Funds still needed for Bexar County’s first domestic violence drug court program

Funds still needed for Bexar County's first domestic violence drug court program
Funds still needed for Bexar County's first domestic violence drug court program

SAN ANTONIO – More than 10,000 domestic violence cases were on Judge Rosie Speedlin-Gonzalez’s docket alone last year. That number points to the need for a domestic violence drug court program, she said.

Speedlin-Gonzalez first proposed the court-supervised drug treatment program last year. Months later, the funding for the program is still in limbo.

“All of these specialty courts in the county and across the state and across the country have to, every year, go looking for monies to keep the courts up and running,” Speedlin-Gonzalez said.

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Initially, she aimed for $1 million for the two-year pilot program. After meeting with people in the community and shaving down the proposal, she is now aiming for a total of $300,000.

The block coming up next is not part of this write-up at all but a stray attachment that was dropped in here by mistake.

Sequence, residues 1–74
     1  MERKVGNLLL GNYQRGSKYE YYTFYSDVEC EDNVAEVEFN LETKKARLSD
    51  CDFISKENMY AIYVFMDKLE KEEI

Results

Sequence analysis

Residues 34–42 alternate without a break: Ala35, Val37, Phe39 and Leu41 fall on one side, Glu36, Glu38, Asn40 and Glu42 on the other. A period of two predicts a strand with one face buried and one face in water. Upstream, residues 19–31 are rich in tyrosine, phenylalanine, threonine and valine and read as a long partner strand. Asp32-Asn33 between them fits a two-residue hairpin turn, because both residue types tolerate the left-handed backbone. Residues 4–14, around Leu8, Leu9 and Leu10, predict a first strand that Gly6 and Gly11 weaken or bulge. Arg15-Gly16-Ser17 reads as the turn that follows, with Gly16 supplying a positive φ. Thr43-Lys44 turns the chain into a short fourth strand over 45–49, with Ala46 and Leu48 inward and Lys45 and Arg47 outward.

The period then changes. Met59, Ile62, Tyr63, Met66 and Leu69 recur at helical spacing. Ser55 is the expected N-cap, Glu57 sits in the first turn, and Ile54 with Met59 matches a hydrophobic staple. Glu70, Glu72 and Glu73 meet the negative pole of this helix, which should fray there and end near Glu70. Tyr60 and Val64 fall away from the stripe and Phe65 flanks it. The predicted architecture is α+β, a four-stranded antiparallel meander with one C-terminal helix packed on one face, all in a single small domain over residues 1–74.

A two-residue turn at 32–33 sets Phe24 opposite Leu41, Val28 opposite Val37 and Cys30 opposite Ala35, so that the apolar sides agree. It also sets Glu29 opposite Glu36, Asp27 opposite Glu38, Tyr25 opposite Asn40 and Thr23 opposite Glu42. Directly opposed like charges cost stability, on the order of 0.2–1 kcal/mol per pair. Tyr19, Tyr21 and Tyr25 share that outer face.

Speedlin-Gonzalez said the cut in funds will only limit the number of participants in the program.

“Our biggest obstacle has been looking, finding funding for violent offenders because, in our court, everyone that comes to the door is categorized as a violent offender because it’s domestic violence court. And so, the monies for violent offenders are very limited,” Speedlin-Gonzalez said.

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So far, Bexar County has provided $100,000 toward the pilot program.

Speedlin-Gonzalez said most of the defendants in domestic violence cases were under the influence of drugs or alcohol at the time of the incident.

“If we look at the individual and we look at their individual history, we're going to find that many of the people that are coming through this court are themselves … victims at some point in their lives. They've been traumatized. The substance came into their lives. Substance abuse as a way of coping and self-medicating,” Speedlin-Gonzalez said.

The $300,000 would pay for several things, including drug treatment, law enforcement, probation and trauma-informed counseling.

Speedlin-Gonzalez wants to start the program with 10 participants.

She said the court will be looking into applying for grants in April, and a tentative court launch is scheduled sometime between late February and early March.


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